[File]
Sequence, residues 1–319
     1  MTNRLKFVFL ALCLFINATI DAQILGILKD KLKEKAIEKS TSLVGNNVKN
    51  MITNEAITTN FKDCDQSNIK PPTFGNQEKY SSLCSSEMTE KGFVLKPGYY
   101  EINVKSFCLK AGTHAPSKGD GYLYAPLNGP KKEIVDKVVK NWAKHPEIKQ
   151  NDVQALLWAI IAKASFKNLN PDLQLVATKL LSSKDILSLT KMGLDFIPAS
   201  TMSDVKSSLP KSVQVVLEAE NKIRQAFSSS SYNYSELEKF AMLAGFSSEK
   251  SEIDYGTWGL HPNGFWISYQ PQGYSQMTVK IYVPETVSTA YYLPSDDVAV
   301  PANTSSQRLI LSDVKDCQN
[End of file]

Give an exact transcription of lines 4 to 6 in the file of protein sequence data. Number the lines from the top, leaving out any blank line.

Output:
   101  EINVKSFCLK AGTHAPSKGD GYLYAPLNGP KKEIVDKVVK NWAKHPEIKQ
   151  NDVQALLWAI IAKASFKNLN PDLQLVATKL LSSKDILSLT KMGLDFIPAS
   201  TMSDVKSSLP KSVQVVLEAE NKIRQAFSSS SYNYSELEKF AMLAGFSSEK